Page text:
This is the aspect of wealth management that most people immediately think of. Advisors, including elite wealth managers, generally will create and oversee a portfolio of investable assets. Services tied to this aspect of wealth management may include the following:
Almost all self-identified wealth managers provide investment management, in our experience. In many cases, that is all they provide. In those cases, the “wealth managers” aren’t wealth managers at all. Providing just investment management doesn’t go far enough. Wealth planning expertise is also required in order to be a wealth manager—and certainly an elite wealth manager.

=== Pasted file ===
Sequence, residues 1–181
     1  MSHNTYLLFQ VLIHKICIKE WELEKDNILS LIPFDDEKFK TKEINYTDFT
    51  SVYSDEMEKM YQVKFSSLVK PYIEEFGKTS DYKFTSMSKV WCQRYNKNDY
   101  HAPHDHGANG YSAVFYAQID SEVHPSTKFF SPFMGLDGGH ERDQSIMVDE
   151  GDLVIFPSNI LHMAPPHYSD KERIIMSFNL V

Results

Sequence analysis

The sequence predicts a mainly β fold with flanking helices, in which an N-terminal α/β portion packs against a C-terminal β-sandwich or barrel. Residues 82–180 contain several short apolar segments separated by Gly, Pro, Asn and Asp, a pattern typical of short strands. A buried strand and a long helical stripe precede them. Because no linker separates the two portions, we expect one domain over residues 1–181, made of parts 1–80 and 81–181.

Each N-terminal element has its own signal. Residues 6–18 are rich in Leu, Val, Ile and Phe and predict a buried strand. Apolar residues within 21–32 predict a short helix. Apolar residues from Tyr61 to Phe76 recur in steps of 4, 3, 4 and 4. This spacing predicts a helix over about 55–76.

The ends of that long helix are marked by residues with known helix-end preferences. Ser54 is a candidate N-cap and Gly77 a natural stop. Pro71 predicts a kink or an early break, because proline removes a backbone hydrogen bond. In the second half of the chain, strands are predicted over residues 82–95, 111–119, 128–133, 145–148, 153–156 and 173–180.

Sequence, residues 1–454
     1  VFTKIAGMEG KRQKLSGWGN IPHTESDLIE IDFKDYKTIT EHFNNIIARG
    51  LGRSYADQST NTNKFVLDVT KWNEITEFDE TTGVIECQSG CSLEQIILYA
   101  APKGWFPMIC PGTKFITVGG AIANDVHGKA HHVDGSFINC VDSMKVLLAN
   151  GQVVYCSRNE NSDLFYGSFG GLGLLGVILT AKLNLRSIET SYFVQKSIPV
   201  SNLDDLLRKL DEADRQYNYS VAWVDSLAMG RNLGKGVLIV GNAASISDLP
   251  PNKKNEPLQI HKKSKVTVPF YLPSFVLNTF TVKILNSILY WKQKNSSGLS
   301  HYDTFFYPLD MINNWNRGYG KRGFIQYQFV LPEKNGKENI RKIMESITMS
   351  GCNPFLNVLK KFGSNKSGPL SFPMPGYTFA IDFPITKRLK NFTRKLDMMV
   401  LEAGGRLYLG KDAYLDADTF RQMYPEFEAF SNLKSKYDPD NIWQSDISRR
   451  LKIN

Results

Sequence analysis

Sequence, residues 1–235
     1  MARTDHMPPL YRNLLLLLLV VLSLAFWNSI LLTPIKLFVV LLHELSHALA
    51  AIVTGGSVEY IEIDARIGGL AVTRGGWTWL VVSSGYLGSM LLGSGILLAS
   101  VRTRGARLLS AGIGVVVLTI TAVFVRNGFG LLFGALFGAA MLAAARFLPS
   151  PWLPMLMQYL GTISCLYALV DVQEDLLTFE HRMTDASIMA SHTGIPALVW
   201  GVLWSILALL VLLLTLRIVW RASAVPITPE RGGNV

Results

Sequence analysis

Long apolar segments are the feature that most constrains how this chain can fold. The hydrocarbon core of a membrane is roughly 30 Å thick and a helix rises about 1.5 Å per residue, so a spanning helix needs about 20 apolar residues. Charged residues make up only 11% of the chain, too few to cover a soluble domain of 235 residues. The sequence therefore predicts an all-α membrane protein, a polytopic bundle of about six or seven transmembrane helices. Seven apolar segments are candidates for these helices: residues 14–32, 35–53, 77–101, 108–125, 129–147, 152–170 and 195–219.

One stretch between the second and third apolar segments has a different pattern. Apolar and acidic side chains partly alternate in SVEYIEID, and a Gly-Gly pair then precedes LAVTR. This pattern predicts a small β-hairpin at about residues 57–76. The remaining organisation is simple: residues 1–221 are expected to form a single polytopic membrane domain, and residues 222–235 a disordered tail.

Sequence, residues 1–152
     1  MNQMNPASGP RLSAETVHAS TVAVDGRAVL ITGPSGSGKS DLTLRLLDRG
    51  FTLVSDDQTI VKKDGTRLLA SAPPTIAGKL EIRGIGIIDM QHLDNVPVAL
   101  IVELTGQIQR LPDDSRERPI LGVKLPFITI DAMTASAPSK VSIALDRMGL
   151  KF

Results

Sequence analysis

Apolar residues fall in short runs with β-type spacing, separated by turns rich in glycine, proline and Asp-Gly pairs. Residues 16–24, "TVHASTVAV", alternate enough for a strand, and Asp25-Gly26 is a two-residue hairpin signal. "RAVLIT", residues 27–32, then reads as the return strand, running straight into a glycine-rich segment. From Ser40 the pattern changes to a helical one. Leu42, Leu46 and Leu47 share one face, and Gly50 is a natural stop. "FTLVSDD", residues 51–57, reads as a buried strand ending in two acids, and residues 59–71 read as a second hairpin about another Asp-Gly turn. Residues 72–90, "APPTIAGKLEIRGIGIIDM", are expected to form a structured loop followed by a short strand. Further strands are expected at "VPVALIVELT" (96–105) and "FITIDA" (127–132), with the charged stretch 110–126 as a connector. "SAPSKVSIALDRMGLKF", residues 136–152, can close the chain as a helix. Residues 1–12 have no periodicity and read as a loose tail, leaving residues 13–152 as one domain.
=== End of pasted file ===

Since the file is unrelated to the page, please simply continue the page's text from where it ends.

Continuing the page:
Wealth planning requires possessing the technical expertise to deliver a diverse range of advanced strategies beyond investing, which sometimes means incorporating financial products. The tools and techniques of wealth planning range from basic to cutting-edge. The basics include legal strategies and financial products that are readily recognized and generally applicable for most affluent clients—such as trusts, partnerships and life insurance.
Under the broad umbrella of wealth planning is a range of specialties. Some of the most common among true wealth managers are the following:
While there are many distinct specialty areas, in practice there can be considerable overlap and synergistic possibilities between those areas. For example, by placing assets into an irrevocable trust for the primary purpose of transferring them to heirs (estate planning), asset protection possibilities may also arise.